When Janet Yellen spoke at the last FOMC meeting, she reiterated the central bank's desire to begin drawing down their balance sheet after close to 8 years of stimulus and bond buying. However, those who pay attention more to actions than from words understand that until the Fed actually begins to start selling their bond holdings, talk from the central bank is little more than the same rhetoric they used when promising a rate hike back in October of 2013, and then never instituting one until two years later.
Yet for just this instance let us take Yellen's words as truth this time, and expect that the Fed will begin drawing down their balance sheet slowly sometime by the end of the year. And this leads us to ask the unspoken question of...
Who will buy these bonds?
In the past there was always an easy market for Treasuries and other securities as the world constantly needed dollars and dollar based bonds to ensure they had liquidity for the energy and commodity markets. But with China and Russia having tossed down the gauntlet in 2013 for an ending of the petrodollar system, the world has slowly begun to divest themselves of their dollars, and are more and more choosing to dump rather than buy U.S. debt.
When the Federal Reserve begins reducing its holdings of U.S. Treasuries as expected later this year, some of the most consistent buyers of U.S. bonds over the last 15 years may be less than willing to fill the breach.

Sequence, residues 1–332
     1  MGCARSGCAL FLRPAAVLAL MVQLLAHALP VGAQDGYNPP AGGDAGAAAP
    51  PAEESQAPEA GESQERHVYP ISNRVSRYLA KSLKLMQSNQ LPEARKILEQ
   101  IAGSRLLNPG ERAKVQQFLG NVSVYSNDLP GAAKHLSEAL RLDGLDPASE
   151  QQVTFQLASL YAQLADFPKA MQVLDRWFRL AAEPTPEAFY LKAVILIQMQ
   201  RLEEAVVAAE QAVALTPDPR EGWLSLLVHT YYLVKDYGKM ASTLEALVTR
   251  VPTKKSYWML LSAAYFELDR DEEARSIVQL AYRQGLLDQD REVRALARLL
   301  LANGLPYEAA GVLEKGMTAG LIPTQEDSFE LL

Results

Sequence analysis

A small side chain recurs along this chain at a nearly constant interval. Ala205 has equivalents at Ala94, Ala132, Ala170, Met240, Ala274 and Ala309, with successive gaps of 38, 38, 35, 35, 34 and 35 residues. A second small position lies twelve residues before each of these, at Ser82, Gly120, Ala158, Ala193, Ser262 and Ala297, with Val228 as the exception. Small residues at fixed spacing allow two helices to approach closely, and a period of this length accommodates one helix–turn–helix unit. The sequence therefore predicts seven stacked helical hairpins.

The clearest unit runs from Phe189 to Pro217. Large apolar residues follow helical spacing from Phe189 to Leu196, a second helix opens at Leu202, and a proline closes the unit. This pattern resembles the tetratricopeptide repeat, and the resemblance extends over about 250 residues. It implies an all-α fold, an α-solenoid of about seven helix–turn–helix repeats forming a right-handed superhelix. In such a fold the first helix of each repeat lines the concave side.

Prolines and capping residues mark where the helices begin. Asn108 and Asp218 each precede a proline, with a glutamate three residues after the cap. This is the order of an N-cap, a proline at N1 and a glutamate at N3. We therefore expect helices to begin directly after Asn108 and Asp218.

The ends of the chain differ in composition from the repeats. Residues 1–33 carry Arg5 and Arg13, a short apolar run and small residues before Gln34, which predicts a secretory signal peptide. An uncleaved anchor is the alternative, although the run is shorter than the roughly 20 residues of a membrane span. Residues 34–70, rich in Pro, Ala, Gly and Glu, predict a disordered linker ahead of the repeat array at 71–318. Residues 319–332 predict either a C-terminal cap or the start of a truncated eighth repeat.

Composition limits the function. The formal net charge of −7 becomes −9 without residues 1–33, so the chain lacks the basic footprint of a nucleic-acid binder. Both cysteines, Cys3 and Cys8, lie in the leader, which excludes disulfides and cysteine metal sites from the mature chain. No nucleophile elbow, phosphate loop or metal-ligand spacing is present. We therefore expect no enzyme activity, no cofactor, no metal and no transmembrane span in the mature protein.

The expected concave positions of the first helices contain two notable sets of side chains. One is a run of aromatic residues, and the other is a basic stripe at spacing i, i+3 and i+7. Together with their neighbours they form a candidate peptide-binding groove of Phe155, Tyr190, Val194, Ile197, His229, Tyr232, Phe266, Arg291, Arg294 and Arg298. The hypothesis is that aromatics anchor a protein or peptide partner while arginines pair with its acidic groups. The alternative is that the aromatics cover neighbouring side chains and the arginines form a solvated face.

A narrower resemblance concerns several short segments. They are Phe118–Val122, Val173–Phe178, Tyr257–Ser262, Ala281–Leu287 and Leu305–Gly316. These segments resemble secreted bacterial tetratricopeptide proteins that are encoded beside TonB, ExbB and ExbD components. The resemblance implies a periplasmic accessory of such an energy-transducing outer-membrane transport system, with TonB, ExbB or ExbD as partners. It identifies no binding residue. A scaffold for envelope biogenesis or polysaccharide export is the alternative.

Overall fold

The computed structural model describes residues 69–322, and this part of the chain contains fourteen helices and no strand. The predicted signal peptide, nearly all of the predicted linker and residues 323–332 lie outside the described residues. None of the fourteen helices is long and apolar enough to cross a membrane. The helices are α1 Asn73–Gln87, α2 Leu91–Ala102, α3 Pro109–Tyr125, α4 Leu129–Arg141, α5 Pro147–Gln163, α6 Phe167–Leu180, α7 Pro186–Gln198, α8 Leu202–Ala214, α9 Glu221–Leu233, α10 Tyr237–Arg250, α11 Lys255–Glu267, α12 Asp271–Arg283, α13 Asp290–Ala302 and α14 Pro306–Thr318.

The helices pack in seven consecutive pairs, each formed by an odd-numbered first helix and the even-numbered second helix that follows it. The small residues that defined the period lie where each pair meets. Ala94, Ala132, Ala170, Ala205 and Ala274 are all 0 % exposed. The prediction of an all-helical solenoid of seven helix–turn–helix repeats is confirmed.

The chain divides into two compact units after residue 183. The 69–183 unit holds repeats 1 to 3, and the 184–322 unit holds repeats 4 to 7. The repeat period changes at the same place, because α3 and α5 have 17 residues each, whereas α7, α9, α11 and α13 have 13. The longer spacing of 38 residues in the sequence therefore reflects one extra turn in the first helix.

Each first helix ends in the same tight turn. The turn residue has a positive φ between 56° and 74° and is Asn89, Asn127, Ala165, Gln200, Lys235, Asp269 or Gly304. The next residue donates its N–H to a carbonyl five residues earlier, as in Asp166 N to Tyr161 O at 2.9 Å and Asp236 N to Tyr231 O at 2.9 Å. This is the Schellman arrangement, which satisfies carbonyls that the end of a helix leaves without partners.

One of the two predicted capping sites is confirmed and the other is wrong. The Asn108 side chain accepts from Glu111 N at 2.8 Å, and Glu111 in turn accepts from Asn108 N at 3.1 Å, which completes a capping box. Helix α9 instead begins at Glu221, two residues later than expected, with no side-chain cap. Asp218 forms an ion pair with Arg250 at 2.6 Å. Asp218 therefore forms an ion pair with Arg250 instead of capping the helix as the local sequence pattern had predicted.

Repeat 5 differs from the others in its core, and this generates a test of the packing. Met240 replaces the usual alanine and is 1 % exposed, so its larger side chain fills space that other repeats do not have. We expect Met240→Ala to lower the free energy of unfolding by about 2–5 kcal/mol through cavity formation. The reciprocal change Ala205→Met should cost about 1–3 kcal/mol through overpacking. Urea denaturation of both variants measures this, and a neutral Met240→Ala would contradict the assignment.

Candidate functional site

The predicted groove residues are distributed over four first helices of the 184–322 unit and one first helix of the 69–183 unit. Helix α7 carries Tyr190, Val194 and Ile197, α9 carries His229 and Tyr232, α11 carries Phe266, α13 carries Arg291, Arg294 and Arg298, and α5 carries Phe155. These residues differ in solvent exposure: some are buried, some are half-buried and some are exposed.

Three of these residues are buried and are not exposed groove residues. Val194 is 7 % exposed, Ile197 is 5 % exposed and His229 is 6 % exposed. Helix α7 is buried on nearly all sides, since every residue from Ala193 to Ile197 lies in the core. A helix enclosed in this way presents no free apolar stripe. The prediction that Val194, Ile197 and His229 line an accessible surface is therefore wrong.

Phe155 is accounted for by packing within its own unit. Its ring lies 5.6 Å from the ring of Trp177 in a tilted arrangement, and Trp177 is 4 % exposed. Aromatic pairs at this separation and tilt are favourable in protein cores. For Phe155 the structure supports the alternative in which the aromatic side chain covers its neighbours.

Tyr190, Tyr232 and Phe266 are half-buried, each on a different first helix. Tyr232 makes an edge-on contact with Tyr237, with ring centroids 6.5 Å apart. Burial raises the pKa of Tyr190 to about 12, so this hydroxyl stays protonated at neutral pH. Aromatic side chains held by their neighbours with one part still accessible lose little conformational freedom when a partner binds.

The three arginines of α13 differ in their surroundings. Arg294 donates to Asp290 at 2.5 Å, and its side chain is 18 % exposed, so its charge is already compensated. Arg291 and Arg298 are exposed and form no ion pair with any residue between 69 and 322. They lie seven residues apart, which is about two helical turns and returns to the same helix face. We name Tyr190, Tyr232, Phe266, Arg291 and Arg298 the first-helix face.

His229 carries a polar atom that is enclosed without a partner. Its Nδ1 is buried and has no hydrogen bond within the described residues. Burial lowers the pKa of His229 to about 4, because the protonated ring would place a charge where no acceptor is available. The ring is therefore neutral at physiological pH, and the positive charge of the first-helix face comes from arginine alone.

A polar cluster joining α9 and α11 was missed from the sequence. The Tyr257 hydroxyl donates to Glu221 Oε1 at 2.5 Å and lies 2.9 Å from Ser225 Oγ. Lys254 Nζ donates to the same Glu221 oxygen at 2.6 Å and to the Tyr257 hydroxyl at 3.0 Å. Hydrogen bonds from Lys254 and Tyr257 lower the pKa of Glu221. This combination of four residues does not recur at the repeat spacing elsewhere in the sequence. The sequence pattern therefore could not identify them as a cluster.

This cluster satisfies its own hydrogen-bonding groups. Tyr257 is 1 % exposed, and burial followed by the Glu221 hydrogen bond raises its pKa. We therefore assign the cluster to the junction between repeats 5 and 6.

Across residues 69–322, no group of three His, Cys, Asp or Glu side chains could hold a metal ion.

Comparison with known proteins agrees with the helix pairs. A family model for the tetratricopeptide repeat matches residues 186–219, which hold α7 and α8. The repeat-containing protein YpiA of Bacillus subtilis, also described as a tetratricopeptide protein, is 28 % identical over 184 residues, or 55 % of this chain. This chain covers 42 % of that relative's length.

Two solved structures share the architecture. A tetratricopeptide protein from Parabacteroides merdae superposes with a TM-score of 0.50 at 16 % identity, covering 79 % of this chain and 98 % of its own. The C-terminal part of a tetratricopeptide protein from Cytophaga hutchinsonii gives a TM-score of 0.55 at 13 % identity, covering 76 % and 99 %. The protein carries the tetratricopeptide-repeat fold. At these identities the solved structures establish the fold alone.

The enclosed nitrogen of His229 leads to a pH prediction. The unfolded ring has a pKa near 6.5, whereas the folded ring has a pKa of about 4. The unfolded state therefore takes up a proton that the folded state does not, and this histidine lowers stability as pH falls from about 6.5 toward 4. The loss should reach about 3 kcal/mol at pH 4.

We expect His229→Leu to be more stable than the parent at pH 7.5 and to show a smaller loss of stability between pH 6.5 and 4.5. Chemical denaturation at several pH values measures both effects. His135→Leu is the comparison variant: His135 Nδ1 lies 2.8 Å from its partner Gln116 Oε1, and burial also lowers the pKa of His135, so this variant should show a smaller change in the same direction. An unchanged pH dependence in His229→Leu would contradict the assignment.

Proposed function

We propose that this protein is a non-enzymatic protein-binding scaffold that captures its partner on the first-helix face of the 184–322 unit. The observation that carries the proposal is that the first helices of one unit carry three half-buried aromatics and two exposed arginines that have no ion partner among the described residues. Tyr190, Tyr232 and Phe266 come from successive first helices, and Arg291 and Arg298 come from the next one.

Before the financial crisis, the flow of "petrodollars" was one of the most powerful forces driving the U.S. bond market and the dollar, as oil exporters invested their booming trade surpluses into Treasuries.
But that flow isn't what it once was, and may be about to dry up further. The Fed's $1.7 trillion bond-buying stimulus has crowded out demand from oil exporters and their once huge trade surpluses have shrunk thanks to sluggish oil prices.
Far from having plenty of fresh cash to invest abroad, these countries are shoring up finances and safeguarding stability at home. - Nasdaq
Additionally, the Fed cannot really afford to wait for many of these bonds to reach maturity, as the banks and the U.S. government have not the liquidity available to buy or cover these maturing debt instruments. And in the end perhaps the best solution for the Fed would be for them to simply eliminate these bonds, and then remove the underlying credit tied to them.
But that in itself would go against the Fed's desire for higher inflation in asset prices, because the only way a central bank knows how to increase inflation is to expand the money supply through credit expansion, and to not allow credit to be retracted as loans and debts are paid off or defaulted on.
The central bank is in a bind of their own making, and they have taken much too long to reverse their policies of ZIRP and QE. And now that they want to downsize at the same time they are raising interest rates and wanting higher inflation, this conundrum is almost impossible to solve since the outlets they had in the past to buy U.S. debt are nearly shut-off, and any real move they might do to cut back on credit expansion will drive both the economy and the markets over the cliff, causing the Fed to quickly reverse course and bring about an increase in credit the likes of which the world has never seen.